Layers of Paint Transform Everyday Objects at Pro Arts

Tamra Seal, 'Tincture of Rainbow,' 2015. Courtesy of the artist and Pro Arts. (Photo: Tamra Seal)

Sometimes artworks involve months (if not years) of experimentation and decision-making to arrive at a desired result. And sometimes a simple moment of chance transforms an artistic project into something new and unexpected. There are potential perils in each instance, of course. Can a deliberate artwork be fresh? Can a spontaneous action avoid superficiality?

In an excellent pairing for the current 2 x 2 Solos exhibition at Pro Arts, artists Tamra Seal and Leah Rosenberg answer both these questions, respectively, with big, colorful exclamations of “Yes!”

Tamra Seal, 'Drive-in' and 'Alien Swimming Pool' (installation at Pro Arts), 2015. Courtesy of the Artist and Pro Arts.
Tamra Seal, 'Drive-in' and 'Alien Swimming Pool' (installation at Pro Arts), 2015. Courtesy of the Artist and Pro Arts. (Photo: Matthew Shapiro)

On the right side of the gallery is The California Surface, Seal’s show of four sculptural works curated by Zoë Taleporos. Using a mixture of readymade objects and custom fabrications, Seal coats and casts utilitarian items in sizzling color. While Southern California artists of the Light and Space movement used industrial techniques and materials to create their minimalist sculptures, Seal playfully returns those methods to addressing everyday objects, like a surfboard or rubber tire.

Her Alien Swimming Pool, a strangely-shaped cast iron pool powder coated in hot pink and metallic pea-green paint, sits on a grid of tiled stone. Tincture of Rainbow is a wall of soap dispensers, their contents tinted -- you guessed it -- with a veritable rainbow of hues. Each object is rendered more beautiful and more useless as it passes through Seal’s (or her various fabricators’) hands, making familiar shapes otherworldly forms.

Leah Rosenberg, 'Where Once Was None' (installation at Pro Arts), 2015. Courtesy of the Artist and Pro Arts.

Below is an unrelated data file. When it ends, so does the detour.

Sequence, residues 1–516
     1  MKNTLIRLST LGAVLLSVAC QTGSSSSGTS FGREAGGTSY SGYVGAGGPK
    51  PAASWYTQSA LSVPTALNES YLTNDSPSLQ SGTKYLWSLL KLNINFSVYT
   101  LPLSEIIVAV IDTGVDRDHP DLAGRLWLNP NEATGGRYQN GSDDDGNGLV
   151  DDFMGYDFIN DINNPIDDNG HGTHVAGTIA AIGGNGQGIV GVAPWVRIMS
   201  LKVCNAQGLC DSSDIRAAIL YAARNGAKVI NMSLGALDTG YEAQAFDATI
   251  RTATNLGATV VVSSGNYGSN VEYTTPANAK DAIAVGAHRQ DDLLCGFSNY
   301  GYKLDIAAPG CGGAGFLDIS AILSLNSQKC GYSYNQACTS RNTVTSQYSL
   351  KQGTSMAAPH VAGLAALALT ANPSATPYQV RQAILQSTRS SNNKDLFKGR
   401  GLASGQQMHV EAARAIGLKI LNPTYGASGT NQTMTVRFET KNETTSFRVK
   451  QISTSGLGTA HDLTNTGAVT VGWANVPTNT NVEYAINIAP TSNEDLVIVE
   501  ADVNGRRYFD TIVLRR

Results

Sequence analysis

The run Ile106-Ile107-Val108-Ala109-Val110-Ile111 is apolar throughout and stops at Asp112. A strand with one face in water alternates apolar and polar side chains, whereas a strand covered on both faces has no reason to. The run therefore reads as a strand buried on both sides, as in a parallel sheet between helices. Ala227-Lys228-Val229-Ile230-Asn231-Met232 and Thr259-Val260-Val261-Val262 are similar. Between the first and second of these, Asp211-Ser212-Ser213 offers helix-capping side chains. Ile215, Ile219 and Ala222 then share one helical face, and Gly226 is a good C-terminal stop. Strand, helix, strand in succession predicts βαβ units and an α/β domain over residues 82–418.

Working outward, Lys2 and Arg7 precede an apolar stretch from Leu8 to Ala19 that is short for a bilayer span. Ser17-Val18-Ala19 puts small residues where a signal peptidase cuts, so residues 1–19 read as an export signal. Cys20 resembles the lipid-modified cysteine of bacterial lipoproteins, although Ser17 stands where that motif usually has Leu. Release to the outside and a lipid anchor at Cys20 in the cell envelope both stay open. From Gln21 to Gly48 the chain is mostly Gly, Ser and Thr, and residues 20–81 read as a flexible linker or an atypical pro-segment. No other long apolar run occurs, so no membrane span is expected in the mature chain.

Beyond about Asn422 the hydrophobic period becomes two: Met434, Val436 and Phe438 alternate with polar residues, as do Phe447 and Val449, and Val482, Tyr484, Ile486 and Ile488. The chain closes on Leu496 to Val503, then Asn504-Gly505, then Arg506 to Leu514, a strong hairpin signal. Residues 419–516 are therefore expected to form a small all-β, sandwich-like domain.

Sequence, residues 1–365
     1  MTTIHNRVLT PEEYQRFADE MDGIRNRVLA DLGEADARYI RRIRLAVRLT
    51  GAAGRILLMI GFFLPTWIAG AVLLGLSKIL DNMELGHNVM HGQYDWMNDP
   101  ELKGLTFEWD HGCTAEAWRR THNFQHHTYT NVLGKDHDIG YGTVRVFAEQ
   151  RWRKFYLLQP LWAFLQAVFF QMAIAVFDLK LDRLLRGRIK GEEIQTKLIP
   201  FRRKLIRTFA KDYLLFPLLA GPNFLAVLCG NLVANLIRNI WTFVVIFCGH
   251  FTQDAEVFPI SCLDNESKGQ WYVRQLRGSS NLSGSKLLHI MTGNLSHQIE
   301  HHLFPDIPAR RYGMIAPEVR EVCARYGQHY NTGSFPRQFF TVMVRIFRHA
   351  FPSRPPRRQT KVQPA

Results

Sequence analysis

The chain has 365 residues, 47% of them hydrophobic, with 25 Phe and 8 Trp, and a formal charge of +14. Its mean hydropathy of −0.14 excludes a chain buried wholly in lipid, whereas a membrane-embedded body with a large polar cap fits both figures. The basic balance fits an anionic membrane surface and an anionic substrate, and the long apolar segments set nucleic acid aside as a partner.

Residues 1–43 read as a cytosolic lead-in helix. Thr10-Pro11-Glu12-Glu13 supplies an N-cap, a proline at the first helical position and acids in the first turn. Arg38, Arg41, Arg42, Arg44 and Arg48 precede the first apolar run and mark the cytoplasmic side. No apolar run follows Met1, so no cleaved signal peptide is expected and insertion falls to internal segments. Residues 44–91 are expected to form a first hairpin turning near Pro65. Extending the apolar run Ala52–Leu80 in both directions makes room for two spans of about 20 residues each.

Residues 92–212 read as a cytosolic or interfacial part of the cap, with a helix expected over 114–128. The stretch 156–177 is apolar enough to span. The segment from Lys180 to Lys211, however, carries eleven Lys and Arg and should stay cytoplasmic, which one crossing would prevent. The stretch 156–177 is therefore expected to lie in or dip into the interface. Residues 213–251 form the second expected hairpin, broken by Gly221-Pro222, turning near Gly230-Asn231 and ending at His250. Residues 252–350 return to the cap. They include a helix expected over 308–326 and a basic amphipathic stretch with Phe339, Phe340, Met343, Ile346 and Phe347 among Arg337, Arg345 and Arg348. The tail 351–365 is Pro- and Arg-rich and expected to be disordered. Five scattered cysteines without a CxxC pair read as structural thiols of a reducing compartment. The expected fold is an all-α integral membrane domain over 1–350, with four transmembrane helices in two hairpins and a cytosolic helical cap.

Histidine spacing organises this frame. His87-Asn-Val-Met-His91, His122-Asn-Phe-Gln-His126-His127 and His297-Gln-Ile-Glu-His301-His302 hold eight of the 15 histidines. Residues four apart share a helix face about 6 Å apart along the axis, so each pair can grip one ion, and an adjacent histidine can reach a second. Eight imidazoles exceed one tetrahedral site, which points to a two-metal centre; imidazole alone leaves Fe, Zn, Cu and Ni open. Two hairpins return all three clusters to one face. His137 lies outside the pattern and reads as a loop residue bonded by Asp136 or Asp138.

Leah Rosenberg, 'Where Once Was None' (installation at Pro Arts), 2015. Courtesy of the Artist and Pro Arts. (Photo: Matthew Shapiro)

Down the steps to the left side of the gallery, Rosenberg’s Where Once There Was None (curated by Rhiannon Evans MacFadyen) is an arrangement of four framed works and a small tableau of a table, chair, notebook and bottle. The simplicity of the installation belies its complexity: these elements are the aftermath of a 50-day performance executed earlier this year at Irving Street Projects, a residency space in the Outer Sunset neighborhood of San Francisco.

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Every day of her residency, Rosenberg sourced a color from her surroundings -- the ocean mist, lime green fences, a fluorescent orange sunset -- and painted the walls and objects inside Irving Street Projects a different corresponding shade.

Leah Rosenberg, 'Where Once Was None' (detail), 2015. Courtesy of the Artist and Pro Arts.
Leah Rosenberg, 'Where Once Was None' (detail), 2015. Courtesy of the Artist and Pro Arts. (Photo: Matthew Shapiro)

The progression of these color choices could be seen at the edges of the small room, where strips of tape sealed off one layer at a time. In a surprise turn of events, when it came time to remove the tape and return the residency’s walls to their original white, the 50 layers of paint peeled off in Rosenberg’s hands as one huge sheet of latex.

These sheets are preserved and on display at Pro Arts in enormous Plexiglas frames, where the activity of seeking out, mixing and applying color achieves a satisfying material form in thick sheets of pure paint.

Beyond their obvious shared love for color (and skillful use of it), Seal and Rosenberg are rather different artists and, accordingly, the two transform their materials into different works altogether. An acrylic surfboard becomes a wavy lens through which to view Frank H. Ogawa Plaza. A bottle loses its shape to days and layers of painterly attention.

Throughout Pro Arts, Seal and Rosenberg breathe new life into shapes and art supplies we think we know, only to find something strange and wonderful -- whether through deliberate and meticulous transformation or the simple act of peeling away a surface.

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